by Daniel McCarthy
Nearly 30 years before he shocked National Review by endorsing Barack Obama for president, senior editor Jeffery Hart announced a divorce of a different kind from the American right. With “The Intelligent Woman’s Guide to a Modern American Conservatism”—published in The New Right Papers in 1982 and previewed in NR a few months earlier—Hart split with tradition and declared himself on the side of modernism in art, literature, and morals.
But, paradoxically, some of the complex aesthetic ideas that had stirred in the years between 1910 and 1914—‘hardness,’ ‘abstraction,’ ‘collage,’ ‘fragmentation,’ ‘dehumanization’—and the key themes of chaotic history, Dionysian energy, and the ‘destructive element,’ did help to provide the discourse and forms of the world to come.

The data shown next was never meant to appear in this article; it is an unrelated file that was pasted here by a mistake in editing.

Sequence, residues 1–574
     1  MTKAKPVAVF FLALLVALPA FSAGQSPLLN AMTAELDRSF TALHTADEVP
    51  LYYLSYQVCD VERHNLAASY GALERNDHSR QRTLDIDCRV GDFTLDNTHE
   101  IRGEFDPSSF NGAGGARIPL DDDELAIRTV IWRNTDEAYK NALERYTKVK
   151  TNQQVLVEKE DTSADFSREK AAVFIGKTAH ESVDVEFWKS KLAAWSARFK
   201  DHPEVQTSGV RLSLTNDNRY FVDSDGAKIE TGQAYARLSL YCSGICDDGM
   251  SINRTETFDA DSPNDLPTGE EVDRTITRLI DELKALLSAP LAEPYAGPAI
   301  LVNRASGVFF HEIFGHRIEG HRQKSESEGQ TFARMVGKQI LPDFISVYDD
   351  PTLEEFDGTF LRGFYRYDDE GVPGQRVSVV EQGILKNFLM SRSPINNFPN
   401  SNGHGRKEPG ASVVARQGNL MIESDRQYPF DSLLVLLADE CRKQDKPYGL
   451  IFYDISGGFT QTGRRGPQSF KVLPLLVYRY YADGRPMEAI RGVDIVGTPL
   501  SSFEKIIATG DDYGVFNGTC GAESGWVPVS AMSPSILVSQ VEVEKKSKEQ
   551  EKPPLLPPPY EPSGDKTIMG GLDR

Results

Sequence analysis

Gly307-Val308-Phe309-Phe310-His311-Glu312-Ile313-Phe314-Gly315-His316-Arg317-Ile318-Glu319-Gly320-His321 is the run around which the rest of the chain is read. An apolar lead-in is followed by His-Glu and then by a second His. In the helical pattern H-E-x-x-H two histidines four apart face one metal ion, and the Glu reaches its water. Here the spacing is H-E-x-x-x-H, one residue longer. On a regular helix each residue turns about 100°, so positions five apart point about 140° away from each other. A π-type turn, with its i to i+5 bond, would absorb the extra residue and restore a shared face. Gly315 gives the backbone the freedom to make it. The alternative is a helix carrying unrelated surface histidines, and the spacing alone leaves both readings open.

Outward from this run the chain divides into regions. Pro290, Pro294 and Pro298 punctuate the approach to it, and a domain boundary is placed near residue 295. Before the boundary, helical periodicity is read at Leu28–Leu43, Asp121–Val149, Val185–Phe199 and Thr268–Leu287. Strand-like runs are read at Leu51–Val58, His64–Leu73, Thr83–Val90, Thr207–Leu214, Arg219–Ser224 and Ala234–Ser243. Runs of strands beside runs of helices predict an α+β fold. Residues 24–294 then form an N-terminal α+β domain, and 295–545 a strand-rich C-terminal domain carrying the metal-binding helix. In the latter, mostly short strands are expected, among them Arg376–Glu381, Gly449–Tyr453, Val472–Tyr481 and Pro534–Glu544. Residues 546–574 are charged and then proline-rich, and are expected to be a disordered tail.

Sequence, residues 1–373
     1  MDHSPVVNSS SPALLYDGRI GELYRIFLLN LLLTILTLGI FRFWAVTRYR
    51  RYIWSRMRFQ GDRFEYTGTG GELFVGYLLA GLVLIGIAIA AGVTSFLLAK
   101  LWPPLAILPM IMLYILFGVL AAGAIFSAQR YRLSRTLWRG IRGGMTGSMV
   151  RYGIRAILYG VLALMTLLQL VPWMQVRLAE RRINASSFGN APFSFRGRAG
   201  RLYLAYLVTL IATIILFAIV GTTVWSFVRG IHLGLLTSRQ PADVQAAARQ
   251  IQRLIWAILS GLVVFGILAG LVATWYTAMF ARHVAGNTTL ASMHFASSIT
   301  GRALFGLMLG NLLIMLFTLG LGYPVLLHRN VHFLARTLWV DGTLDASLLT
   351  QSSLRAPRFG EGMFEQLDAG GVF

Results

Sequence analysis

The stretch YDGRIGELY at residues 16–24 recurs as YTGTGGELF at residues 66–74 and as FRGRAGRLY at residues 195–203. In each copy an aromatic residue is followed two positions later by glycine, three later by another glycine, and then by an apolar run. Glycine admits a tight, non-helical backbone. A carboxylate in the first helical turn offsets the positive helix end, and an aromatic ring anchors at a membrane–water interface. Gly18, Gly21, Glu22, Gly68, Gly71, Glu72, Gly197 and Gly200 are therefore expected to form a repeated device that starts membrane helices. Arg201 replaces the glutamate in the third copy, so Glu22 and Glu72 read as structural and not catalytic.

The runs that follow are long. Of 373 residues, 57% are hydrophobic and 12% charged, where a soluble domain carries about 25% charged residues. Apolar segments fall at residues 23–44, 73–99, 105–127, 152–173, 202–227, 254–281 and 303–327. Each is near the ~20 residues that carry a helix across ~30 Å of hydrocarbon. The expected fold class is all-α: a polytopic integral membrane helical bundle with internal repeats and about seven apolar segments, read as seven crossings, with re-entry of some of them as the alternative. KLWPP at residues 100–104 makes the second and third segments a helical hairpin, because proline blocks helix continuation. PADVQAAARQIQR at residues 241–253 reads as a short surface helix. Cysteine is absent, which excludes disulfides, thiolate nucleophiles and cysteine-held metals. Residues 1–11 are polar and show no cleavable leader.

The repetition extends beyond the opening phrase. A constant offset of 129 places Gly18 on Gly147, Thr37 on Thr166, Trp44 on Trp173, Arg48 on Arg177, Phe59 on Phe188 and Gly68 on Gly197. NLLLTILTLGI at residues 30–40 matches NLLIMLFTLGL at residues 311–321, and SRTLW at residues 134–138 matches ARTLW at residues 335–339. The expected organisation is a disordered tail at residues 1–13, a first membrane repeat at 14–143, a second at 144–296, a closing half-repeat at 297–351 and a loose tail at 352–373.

The true philosopher recognizes that philosophical reflection consistently purged of the authority of the pre-reflective leads to total skepticism. In this moment of despair, hubristic reason … becomes impotent and utterly silent. It is only then that the philosopher can recognize, for the first time, the authority of that radiant world of pre-reflective common life in which he has his being and which had always been a guide prior to the philosophic act.
Daniel McCarthy is editor of The American Conservative. Reprinted with the gracious permission of The American Conservative.